Objectives: Debates about the productivity impact of work accommodations typically focus on employment and labor force participation outcomes. This study considers whether accommodations mediate on-the-job productivity losses among employees who report health problems.
Methods: The study uses ordered logistic regression to predict employees’ self-reported productivity losses as a function of health problems and experiences with needed work accommodations.
Results: On average, the odds that an employee who did not get a needed accommodation reported higher levels of lost productivity are 5.11 times the odds for an employee who got a needed accommodation.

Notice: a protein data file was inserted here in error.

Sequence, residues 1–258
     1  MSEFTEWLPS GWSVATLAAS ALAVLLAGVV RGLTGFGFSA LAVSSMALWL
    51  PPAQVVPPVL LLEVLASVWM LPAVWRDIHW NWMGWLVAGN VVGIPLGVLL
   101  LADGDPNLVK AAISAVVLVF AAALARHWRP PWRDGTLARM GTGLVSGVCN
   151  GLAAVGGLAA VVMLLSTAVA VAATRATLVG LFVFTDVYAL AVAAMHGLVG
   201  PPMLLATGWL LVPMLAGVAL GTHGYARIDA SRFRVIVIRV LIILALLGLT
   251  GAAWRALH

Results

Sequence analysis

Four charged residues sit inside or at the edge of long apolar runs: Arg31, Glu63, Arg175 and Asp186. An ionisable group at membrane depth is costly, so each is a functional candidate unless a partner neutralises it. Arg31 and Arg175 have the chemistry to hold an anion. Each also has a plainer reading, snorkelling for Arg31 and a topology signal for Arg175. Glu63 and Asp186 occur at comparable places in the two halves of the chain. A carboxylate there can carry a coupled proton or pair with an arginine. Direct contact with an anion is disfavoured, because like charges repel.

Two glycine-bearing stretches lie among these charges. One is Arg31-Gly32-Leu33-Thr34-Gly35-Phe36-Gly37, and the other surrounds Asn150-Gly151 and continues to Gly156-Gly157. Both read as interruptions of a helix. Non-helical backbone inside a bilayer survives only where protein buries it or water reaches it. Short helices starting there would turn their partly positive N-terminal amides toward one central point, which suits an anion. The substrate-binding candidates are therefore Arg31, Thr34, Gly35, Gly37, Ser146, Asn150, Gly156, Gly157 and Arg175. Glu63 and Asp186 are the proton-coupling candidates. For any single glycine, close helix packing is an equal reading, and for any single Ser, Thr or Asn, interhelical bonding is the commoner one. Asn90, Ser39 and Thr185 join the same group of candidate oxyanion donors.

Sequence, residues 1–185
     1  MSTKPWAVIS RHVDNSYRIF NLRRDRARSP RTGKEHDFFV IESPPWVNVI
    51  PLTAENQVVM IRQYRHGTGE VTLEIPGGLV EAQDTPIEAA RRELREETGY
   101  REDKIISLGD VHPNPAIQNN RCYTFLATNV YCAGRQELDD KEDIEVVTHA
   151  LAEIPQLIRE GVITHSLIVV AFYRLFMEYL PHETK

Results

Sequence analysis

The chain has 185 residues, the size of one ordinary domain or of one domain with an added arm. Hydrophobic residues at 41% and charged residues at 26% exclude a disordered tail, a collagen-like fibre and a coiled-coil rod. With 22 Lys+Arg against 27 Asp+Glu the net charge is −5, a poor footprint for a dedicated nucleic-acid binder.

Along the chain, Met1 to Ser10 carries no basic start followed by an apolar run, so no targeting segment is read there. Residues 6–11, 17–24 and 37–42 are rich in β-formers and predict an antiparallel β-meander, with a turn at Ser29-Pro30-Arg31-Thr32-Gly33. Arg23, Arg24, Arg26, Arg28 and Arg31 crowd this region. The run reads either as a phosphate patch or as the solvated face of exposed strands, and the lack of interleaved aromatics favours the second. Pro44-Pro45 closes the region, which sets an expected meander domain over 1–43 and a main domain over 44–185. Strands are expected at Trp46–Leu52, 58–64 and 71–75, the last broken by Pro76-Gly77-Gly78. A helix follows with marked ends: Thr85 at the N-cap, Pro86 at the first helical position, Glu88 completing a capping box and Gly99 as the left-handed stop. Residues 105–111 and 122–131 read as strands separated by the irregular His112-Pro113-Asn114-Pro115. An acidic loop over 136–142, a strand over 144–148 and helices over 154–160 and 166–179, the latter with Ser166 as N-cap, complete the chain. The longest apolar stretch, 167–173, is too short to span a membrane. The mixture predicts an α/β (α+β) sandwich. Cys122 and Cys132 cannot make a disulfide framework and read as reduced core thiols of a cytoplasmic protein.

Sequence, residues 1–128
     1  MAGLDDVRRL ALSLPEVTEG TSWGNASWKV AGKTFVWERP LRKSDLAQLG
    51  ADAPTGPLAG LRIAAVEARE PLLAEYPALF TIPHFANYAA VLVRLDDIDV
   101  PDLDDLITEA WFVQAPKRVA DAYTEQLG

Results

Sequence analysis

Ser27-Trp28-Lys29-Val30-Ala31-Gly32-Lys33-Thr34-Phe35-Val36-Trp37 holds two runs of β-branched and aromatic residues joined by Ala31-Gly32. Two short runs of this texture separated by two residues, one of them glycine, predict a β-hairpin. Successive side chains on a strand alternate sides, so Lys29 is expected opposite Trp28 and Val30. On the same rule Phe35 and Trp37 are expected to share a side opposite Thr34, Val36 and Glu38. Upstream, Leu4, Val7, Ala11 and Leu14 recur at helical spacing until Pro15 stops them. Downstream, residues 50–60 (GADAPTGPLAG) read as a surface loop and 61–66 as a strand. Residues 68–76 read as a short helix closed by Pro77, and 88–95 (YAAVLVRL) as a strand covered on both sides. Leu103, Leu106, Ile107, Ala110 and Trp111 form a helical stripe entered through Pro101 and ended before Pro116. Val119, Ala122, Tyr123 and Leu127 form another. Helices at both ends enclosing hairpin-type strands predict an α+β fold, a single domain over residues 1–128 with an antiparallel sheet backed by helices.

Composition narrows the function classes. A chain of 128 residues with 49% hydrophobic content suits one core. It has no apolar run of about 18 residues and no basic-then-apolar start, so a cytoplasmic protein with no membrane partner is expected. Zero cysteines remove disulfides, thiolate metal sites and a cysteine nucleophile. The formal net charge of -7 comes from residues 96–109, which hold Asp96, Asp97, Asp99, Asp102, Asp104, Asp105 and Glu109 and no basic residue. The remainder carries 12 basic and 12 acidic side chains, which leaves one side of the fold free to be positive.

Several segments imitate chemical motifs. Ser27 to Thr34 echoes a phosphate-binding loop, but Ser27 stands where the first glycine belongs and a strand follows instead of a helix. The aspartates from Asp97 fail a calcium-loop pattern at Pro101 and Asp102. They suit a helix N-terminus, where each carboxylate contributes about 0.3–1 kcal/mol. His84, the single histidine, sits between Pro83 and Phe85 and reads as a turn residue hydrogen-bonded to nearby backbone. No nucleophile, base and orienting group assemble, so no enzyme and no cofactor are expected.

Conclusions: Although health problems make it difficult for many employees to perform well on the job, accommodations could reduce productivity losses in some cases. Nonetheless, more research on the impact of specific kinds of accommodations for different chronic conditions is warranted.
Integrated Benefits Institute, San Francisco, CA.
Address correspondence to: Brian Gifford, PhD, 595 Market Street, Suite 810, San Francisco, CA 94105 (firstname.lastname@example.org).
All work was performed as part of the authors’ regular duties at the Integrated Benefits Institute, a nonprofit, mutual benefit corporation that receives membership dues from organizations in the fields of health care, insurance, absence management, employee benefits, and pharmaceutical manufacturing.
The authors report no conflicts of interest.